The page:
B. marmoriiDr. Larry Noblick, Montgomery Botanical Center’s palm biologist, has described, for the first time, two rarely collected Butia species — B. exospadix and B. marmorii. Butia exospadix and B. marmorii (at center of photo) imitate grass and were discovered in the natural grasslands on the border of Paraguay and Brazil. As author of these species, Dr. Noblick brings to light species that might not even be recognized as palms.

Butia exospadix and B. marmorii also show distinctive similarities to Syagrus leptospatha. Therefore, Dr. Noblick has transferred S. leptospatha to Butia; S. leptospatha is now correctly identified as B. leptospatha. Dr. Noblick’s studies demonstrate, conclusively, the relationship among these three Butia species. His findings were published in the December 2006 edition of Palms, the Journal of the International Palm Society.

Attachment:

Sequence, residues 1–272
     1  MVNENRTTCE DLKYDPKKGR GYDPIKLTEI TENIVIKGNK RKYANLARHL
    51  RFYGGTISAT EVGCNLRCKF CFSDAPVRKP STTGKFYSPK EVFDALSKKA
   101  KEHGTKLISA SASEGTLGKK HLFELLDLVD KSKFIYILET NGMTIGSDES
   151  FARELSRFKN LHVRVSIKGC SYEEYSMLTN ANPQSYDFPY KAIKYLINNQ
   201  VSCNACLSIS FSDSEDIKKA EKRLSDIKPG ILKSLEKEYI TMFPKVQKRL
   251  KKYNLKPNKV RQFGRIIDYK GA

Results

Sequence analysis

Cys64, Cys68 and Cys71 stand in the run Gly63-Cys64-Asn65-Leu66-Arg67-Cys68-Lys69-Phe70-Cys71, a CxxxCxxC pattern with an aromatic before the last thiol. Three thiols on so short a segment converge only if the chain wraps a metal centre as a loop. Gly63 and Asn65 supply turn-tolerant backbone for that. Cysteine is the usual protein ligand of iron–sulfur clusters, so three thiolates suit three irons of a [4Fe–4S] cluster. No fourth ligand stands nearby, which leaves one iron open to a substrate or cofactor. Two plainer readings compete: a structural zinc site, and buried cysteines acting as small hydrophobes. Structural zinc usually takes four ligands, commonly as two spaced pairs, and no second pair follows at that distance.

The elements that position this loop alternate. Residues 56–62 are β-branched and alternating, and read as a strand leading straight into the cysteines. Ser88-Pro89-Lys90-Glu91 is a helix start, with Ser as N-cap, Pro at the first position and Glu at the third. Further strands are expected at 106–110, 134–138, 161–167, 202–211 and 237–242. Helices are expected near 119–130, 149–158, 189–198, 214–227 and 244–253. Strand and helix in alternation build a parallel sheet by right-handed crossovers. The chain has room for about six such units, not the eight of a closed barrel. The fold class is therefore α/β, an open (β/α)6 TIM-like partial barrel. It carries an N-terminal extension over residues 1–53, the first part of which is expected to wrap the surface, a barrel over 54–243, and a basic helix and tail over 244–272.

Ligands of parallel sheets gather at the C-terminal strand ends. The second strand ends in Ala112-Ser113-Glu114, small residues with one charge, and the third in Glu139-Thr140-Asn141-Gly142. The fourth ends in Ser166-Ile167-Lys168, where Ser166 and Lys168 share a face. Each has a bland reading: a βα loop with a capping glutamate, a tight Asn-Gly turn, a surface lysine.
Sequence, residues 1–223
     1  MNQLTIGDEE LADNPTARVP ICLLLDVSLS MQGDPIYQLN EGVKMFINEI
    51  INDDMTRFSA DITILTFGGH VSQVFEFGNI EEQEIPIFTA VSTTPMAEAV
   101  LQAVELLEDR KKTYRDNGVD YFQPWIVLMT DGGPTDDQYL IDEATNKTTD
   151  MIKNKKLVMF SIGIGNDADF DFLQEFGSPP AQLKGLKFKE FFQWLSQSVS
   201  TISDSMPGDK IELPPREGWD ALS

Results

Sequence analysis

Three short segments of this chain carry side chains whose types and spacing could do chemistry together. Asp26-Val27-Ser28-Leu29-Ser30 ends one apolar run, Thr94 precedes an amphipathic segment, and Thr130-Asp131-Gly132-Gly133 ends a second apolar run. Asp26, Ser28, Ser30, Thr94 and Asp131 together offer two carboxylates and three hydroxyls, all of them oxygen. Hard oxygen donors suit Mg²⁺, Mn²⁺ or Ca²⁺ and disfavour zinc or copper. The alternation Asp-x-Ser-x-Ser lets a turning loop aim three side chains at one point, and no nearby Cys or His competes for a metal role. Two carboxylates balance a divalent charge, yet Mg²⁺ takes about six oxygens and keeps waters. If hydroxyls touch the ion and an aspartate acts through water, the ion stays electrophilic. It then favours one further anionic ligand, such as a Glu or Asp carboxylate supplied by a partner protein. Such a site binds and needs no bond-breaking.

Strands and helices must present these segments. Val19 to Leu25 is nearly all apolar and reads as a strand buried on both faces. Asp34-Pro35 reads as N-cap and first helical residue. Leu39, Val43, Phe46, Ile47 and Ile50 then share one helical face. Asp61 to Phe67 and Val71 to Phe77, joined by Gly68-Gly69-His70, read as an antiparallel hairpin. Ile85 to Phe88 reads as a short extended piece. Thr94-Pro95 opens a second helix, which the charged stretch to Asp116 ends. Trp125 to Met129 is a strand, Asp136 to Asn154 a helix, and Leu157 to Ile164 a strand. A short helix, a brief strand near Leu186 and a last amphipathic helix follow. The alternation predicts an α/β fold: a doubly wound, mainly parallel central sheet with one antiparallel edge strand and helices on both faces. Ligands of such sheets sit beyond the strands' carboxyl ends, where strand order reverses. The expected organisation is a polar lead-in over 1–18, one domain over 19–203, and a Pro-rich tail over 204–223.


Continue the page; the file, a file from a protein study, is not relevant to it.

Dr. Noblick has been a palm biologist at Montgomery Botanical Center since 1994. In addition to Paraguay and Brazil, he has also collected in Argentina, Indonesia, Madagascar, New Caledonia, and Venezuela. Dr. Noblick’s research has focused primarily on the coconut-related palms, especially Syagrus and Butia.

The Butia marmorii seeds collected by Dr. Noblick have germinated and the young seedlings are currently being propagated in Montgomery Botanical Center’s nursery.